As you know so well, there is no RIGHT answer; only the answer that makes sense for you at this time in your life. My suggestion is to imagine that you know the number of days left in life…37, 67, 237…the number is not important but what is important is how you want to spend those days. If you knew you had the proverbial six months to live, do you want to spent it getting back to back chemo? Perhaps so. I’ve had patients tell me they were okay with dying in the chemo chair if it meant that they did everything they could. Other patients selected hospice to maximize comfort and to avoid treatment side effects knowing it might cost them days or weeks of life. It is a heartbreaking choice. In the end, cancer may win but you can still choose how to spend the days of your life.
    I wish healing, peace, light and clarity for you….Barbara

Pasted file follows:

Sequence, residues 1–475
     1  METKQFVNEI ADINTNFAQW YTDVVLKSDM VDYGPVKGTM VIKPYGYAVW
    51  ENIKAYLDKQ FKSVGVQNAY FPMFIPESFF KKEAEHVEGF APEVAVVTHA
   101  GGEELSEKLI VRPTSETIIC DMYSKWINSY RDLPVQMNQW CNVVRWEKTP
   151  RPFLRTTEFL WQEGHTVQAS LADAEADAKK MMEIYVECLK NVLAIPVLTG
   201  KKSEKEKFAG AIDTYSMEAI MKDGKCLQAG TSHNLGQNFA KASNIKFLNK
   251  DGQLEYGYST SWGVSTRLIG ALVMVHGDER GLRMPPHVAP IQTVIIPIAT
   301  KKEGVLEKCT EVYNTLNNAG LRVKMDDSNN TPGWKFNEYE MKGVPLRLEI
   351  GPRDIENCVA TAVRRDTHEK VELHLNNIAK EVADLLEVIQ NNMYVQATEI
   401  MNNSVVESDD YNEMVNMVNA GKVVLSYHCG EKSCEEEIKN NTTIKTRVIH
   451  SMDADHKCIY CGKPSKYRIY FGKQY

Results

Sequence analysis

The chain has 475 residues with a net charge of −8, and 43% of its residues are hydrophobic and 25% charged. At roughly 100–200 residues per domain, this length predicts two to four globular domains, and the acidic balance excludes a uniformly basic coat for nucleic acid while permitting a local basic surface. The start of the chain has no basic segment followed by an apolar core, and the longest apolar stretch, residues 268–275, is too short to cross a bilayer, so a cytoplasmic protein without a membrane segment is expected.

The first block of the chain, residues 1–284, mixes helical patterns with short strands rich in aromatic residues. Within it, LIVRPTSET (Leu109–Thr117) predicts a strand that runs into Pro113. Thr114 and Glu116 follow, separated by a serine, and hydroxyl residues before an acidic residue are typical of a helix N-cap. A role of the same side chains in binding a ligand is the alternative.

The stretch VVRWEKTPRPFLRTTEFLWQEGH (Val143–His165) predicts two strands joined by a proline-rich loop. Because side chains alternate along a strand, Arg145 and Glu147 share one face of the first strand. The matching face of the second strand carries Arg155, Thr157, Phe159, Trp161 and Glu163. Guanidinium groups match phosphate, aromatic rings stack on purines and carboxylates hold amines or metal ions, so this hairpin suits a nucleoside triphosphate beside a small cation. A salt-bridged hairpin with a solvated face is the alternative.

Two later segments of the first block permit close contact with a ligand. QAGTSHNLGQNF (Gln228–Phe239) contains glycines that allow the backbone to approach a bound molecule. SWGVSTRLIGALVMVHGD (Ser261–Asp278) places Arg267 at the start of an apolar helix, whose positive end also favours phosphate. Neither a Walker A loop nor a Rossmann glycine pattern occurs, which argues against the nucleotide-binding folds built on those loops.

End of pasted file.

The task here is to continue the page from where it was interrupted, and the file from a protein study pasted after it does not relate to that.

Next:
8. One can always throw in the towel, but that is a last resort. Fight, fight, fight. And when you are down, crawl back up and fight for just a little more time. Envision the trial working and getting more time! It is worth it. From one fighter to another, my prayers are with you and there are lots of cheerleaders in your corner!

  9. You continue to persevere with with the courage and dignity you’ve always shown, and with the same determination and amazing good humor. I am so honored to be your friend. xxx

  10. Your way with words always amazes. If only you could write away your cancer. Two of my friends who died of cancer really looked like they were; another not so much. No one can really know when the time is right. Your story of Tony reminded me of when we decided to put Peaches down. Dave had convinced me it was “so easy,” but like Tony, Peaches fought the injection and despite her deteriorated state, she wasn’t ready to go. When you are ready, you will know. Whatever choice you make, all of your friends who love you will support you.